Earlier, too, the “World Inequality Report 2022,” and the homegrown PRICE Survey had reached a similar conclusion i.e., the emergence of an unacceptable degree of poverty and inequality in India. Decent education and healthcare eludes most of our citizens. The coronavirus pandemic mercilessly exposed the rot in our public health system; almost all Government hospitals were found to be woefully understaffed with highly deficient infrastructure. So far as education is concerned, despite Board results throwing up a record number of students scoring more than 90 per cent marks, the quality of education imparted by our schools, except very few, is pitiable. That Board results do not reflect the true picture can be gauged from the fact that the current year’s results, when no classes were held, are better than the Board results of pre-pandemic times. The rot was not unexpected because till today, Government schools and hospitals, established by the British a century ago, are the backbone of our public health and education systems. The Government spends only 1.28 per cent of GDP on healthcare, and 3.1 per cent on education, both allocations being insufficient even for maintenance, let alone improvement. A comprehensive approach towards tackling economic and social problems seems missing. Rather, the Government seems to be engaged in multiple firefighting exercises, with an eye on optics; for example, when prices of petroleum products rise, the Government cuts excise duty but reimposes the same duty on food products, keeping inflation unchanged. In fact, high taxation and subsidies fuel a vicious cycle, where high taxes cut down economic activity, fuelling the need for subsidies that require more money from the Government, again leading to increased taxation.
The Government could do better to focus on unemployment and population explosion, which are at the root of most problems. So far as population is concerned, the target-free National Population Policy 2000 has taken the urgency out of the Government’s efforts for population control. Population statistics appear to be flawed; according to National Family Health Survey (NFHS)-5, the Total Fertility Rate (TFR) ~ the number of children a woman can be expected to have during her lifetime ~ has declined from 2.2 (NFHS-4, 2015- 16) to 2.0, below the replacement rate of 2.1. However, according to the UN Report “Population Prospects” our population is increasing and India will surpass China’s population by 2023, reaching 1.5 billion by 2030 and 1.66 billion by 2050. All international agencies have made similar projections. Obviously, we have to design and implement a better population policy. The key to solving the unemployment problem lies in promoting agriculture and improving rural infrastructure. Significantly, the agricultural sector was the only sector of the economy that withstood the vagaries of the coronavirus scourge, growing by 3.4 per cent in FY 2020-21. Demand for tractors, agricultural implements, fertilisers etc. kept the cash registers of many manufacturing concerns ringing.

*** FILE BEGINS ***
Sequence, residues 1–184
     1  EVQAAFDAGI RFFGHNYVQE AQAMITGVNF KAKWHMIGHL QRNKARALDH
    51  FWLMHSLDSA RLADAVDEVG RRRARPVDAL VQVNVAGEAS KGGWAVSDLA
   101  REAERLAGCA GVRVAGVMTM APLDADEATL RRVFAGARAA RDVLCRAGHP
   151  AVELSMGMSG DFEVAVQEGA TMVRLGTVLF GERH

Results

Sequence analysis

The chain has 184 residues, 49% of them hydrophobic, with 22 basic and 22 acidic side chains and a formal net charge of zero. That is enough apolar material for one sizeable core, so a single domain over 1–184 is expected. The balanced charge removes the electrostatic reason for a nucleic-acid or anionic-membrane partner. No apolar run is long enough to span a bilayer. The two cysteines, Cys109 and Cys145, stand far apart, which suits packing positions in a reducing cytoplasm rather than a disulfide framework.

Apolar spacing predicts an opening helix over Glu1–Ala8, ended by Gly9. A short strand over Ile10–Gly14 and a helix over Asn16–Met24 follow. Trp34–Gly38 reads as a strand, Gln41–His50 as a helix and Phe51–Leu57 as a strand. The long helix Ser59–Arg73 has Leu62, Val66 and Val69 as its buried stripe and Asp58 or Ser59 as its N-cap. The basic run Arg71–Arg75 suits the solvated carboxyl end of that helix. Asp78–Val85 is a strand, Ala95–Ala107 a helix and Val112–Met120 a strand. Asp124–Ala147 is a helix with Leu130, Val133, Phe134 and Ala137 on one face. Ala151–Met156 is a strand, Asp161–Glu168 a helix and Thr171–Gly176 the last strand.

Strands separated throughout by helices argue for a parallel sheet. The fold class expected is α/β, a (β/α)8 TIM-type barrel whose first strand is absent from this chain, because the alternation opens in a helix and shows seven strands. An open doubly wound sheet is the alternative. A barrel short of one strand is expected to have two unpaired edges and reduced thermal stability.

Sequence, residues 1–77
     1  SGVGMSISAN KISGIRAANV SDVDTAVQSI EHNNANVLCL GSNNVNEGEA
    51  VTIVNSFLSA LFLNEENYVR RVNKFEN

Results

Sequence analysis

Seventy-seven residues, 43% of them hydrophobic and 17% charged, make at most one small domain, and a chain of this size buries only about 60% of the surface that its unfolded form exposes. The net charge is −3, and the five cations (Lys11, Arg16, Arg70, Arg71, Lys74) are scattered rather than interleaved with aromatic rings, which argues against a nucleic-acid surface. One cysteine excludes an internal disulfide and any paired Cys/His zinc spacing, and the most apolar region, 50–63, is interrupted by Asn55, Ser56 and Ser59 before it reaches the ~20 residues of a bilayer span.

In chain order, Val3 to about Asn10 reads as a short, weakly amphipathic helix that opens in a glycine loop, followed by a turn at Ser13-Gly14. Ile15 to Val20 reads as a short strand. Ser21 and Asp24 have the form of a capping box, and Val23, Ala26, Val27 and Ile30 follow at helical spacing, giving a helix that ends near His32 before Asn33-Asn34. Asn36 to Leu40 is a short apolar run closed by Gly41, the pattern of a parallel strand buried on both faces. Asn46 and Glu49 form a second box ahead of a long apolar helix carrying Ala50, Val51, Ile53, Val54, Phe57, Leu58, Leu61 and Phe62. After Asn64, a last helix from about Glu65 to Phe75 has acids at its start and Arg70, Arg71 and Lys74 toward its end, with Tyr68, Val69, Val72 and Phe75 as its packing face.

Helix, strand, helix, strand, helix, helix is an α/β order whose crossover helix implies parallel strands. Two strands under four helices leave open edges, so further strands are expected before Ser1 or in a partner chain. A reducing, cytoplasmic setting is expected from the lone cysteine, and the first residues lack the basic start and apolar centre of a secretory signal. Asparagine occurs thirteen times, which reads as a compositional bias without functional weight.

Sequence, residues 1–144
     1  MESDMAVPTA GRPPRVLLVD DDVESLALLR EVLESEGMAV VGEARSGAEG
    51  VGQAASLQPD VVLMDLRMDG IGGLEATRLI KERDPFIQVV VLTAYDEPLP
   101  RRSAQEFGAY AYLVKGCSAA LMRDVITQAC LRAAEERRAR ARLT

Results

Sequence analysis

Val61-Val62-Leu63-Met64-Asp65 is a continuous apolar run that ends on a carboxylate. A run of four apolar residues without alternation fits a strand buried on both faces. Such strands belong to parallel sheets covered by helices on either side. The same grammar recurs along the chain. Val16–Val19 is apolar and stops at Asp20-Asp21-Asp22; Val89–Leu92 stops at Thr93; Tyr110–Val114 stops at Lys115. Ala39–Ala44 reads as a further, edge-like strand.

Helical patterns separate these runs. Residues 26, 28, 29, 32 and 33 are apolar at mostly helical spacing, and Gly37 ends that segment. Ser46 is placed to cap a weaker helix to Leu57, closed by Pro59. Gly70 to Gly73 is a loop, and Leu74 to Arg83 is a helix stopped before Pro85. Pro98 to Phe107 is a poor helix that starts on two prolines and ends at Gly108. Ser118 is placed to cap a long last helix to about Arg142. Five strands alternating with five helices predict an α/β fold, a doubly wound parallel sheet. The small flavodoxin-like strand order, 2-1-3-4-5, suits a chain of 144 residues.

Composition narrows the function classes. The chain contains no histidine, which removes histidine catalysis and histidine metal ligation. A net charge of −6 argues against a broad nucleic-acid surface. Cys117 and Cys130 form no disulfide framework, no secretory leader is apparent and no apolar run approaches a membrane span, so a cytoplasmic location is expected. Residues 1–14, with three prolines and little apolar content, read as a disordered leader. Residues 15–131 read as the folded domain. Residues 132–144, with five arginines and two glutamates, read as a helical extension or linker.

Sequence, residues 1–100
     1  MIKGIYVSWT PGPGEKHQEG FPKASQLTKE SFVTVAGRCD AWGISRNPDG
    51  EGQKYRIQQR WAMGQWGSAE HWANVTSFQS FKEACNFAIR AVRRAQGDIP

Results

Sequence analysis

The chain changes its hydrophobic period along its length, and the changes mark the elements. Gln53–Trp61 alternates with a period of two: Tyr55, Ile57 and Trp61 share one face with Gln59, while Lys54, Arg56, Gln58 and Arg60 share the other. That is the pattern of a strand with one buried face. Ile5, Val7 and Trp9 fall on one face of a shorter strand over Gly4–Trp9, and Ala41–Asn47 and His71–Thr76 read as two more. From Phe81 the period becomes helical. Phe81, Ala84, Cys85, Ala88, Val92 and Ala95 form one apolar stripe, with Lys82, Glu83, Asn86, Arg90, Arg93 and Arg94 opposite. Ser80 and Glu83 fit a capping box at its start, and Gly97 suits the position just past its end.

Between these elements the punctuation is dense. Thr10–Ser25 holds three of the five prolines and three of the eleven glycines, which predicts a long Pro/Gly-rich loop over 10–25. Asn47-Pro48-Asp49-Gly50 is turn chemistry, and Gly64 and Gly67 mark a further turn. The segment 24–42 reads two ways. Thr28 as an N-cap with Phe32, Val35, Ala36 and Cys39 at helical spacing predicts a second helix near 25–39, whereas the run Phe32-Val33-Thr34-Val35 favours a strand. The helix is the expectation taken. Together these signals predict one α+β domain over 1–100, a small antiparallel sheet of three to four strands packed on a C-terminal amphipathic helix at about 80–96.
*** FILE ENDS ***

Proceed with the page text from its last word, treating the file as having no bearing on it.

At the time when overall exports declined by 7.2 per cent, exports of agricultural commodities rose by 22.62 per cent, to Rs 3.05 lakh crores, in FY 2020-21. This should have provided enough reason for the Government to shed the misplaced belief that big business alone could lead us out of the woods. Yet, while announcing initiatives like Production Linked Incentives (PLI) worth Rs 1.76 lakh crore and tax cuts of Rs 1.45 lakh crore for business, the Government had only the Zero Budget Natural Farming (ZBNF) initiative, involving no budgetary allocation, for agriculture. Despite all incentives offered to the manufacturing sector, the share of manufacturing in GDP has remained stagnant at 17 per cent for the last five years, and employment in the manufacturing sector declined sharply from 5.1 crore people in 2016-17 to 2.73 crore people in 2020-21. On the other hand, with a comparable share in the GDP, the agricultural sector employed 14.56 crore people in 2016-17 which increased to 15.18 crore people in 2020-21. It is easy to conclude that decent investment in agriculture can transform the employment situation. Then, the unemployed can be hired to build much-needed rural infrastructure like roads, schools, bridges, airports, dams, post offices, hospitals and municipal buildings, waterworks, sewers, streets, and parks. While providing employment, projects for reforestation and flood control can also help reclaim millions of hectares of soil from erosion and devastation.
Another need is a rational and comprehensive taxation policy designed to prevent concentration of wealth and straightening out the glaring inequalities in our society ~ which would entail reducing GST, which is an indirect tax paid mostly by the poor, and promote direct taxation by bringing back taxes on wealth and inheritance. As Ha-Joon Chang, the Korean institutional economist said: “Once you realize that trickledown economics does not work, you will see the excessive tax cuts for the rich as what they are ~ a simple upward redistribution of income, rather than a way to make all of us richer, as we were told.” (23 Things They Don’t Tell You about Capitalism).